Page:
Director, Arms & Security Project


William D. Hartung is the director of the Arms and Security Project at CIP and a senior adviser to the center's Security Assistance Monitor. He is the author of Prophets of War: Lockheed Martin and the Making of the Military-Industrial Complex (Nation Books, 2011) and the co-editor, with Miriam Pemberton, of Lessons from Iraq: Avoiding the Next War (Paradigm Press, 2008). His previous books include And Weapons for All (HarperCollins, 1995), a critique of U.S. arms sales policies from the Nixon through Clinton administrations.


From July 2007 through March 2011, Mr. Hartung was the director of the Arms and Security Initiative at the New America Foundation. Prior to that, he served as the director of the Arms Trade Resource Center at the World Policy Institute. He also worked as a speechwriter and policy analyst for New York State Attorney General Robert Abrams. Bill Hartung’s articles on security issues have appeared in the New York Times, the Washington Post, the Los Angeles Times, The Nation, and the World Policy Journal.


He has been a featured expert on national security issues on CBS 60 Minutes, NBC Nightly News, the PBS Newshour, CNN, Fox News, and scores of local, regional, and international radio outlets. He blogs for the Huffington Post, the Hill, and Medium.

Recent Publications

Turkey's Invasion of Syria, Made in the U.S.A.

After essentially giving a green light to Turkey’s invasion of northern Syria to attack the Kurdish-led Syrian Democratic Forces (SDF) forces, President Trump took a slight turn when he declared that there would be severe economic consequences for Turkey’s economy if the intervention was not carried out in a “humane” fashion. If the president were to take action to try to stem a military incursion that he helped facilitate, he could start by cutting off support for Turkey’s military, which is heavily dependent on U.S.-supplied equipment.

by William Hartung


Latest News

The Pentagon’s Invisible Man Is Winning Washington’s Power Game


An inadvertent effect of the Trump administration’s personnel management has been to make the U.S. Military Academy at West Point’s class of 1986 among the most influential in history. Its graduates include the U.S. secretary of state (Mike Pompeo), a high-profile Washington insider and reputed “Trump whisperer” (Dave Urban, who now heads up a powerful lobbying firm), an ultraconservative Republican congressman (Mark Green, who was previously a part of the mission that captured Iraqi dictator Saddam Hussein), and a bevy of Pompeo’s best buddies—including Brian Bulatao, the undersecretary of state for management, and Thomas Ulrich Brechbuhl, the State Department’s counselor. As of this summer, it also includes President Donald Trump’s new secretary of defense: Gulf War veteran Mark Esper.

William Hartung quoted

Arms & Security Project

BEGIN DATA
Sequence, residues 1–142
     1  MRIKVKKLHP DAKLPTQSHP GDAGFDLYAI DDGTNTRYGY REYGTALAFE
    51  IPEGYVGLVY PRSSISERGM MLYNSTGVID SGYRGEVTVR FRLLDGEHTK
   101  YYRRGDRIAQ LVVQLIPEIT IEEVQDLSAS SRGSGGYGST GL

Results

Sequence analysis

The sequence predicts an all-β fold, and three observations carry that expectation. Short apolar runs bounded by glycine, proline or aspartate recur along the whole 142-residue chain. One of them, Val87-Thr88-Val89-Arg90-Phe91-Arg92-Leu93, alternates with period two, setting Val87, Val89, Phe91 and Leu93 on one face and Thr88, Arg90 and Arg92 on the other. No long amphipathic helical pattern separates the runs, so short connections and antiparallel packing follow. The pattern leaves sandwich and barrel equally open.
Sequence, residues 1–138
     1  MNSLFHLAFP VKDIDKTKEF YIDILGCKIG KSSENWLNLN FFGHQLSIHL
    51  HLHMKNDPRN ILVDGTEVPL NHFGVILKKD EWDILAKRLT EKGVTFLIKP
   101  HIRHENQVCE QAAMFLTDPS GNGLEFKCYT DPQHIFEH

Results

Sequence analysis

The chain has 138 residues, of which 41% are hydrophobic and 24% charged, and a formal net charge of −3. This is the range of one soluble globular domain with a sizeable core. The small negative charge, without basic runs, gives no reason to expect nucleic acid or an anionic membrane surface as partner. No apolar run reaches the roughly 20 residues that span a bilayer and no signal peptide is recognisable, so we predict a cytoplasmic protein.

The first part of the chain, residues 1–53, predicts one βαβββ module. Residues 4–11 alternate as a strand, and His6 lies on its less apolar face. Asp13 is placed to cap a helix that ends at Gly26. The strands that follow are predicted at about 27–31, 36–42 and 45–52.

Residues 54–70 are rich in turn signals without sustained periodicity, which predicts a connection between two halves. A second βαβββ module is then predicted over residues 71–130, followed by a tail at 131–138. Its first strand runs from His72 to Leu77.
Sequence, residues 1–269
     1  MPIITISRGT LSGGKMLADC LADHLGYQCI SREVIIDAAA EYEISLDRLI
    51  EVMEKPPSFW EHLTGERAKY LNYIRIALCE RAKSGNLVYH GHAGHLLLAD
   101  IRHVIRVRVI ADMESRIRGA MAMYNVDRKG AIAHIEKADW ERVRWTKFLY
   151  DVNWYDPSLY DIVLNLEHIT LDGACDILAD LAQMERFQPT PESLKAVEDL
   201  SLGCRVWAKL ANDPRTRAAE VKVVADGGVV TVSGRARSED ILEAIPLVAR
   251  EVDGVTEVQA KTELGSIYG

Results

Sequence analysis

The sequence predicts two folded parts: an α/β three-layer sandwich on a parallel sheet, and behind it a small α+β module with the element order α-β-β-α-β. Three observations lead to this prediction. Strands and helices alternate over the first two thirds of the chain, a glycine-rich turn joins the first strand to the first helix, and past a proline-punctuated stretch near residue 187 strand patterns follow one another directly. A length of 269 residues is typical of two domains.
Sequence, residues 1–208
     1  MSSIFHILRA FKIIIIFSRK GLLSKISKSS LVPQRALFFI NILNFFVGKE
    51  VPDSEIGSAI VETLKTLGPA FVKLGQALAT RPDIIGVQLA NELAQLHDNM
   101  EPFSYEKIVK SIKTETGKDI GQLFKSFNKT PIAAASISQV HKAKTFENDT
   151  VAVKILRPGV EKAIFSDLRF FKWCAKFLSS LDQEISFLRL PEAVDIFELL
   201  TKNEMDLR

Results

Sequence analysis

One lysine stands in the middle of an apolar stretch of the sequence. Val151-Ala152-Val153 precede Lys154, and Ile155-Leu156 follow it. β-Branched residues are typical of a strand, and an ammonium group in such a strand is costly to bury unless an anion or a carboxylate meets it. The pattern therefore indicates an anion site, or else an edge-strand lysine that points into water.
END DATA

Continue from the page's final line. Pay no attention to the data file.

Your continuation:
Uber CEO Under Fire for Downplaying Saudi Kingdom's Murder of Khashoggi as a 'Mistake'


Uber's ultra-millionaire CEO Dara Khosrowshahi came under fire Sunday for downplaying the Saudi kingdom's gruesome murder of journalist Jamal Khashoggi as a "mistake" comparable to technological malfunctions in self-driving cars. "It's a serious mistake," Khosrowshahi told Axios in an interview that aired late Sunday. "We've made mistakes, too—with self-driving, and we stopped driving and we're recovering from that mistake. I think that people make mistakes, it doesn't mean they can never be forgiven. I think they have taken it seriously."

William Hartung and Ben Freeman quoted

Arms & Security Project

7 ways to sell US arms abroad without losing your soul


America’s military might, technology, and diplomacy must support human rights and the rule of law around the world—not undermine them.

William Hartung referenced

Arms & Security Project

How To Save Hundreds Of Billions Of Dollars While Making America Safer


To understand the debate over Warren’s proposal it is first necessary to understand what she is proposing to cut. The Warren plan would eliminate the Pentagon’s war budget, known officially as the Overseas Contingency Operations account, or OCO. The account was originally justified as a way to fund the initial stages of military operations in Iraq and Afghanistan, which had not been planned in the Department’s initial budgets. But for years it has been used as a slush fund to pay for tens of billions of dollars-worth of items that have nothing to do with fighting current conflicts. The reason? Because the Pentagon’s regular budget has been capped under the Budget Control Act of 2011 (BCA), while the OCO account has not. Putting money into OCO to pay for non-war items is an evasive maneuver designed to thwart the intent of the BCA to control the deficit.

by William Hartung

Arms & Security Project

New Report: Sanctions Kill


Economic sanctions are a central instrument of U.S. foreign policy. They are a tactic short of war designed to shape the behavior of real and perceived U.S. adversaries, from Russia, to Venezuela, to Iran, to North Korea. But as a new report commissioned by Korea Peace Now has documented, broad-based sanctions can be every bit as deadly for vulnerable populations as war itself.

by William Hartung

Arms & Security Project

Center for International Policy

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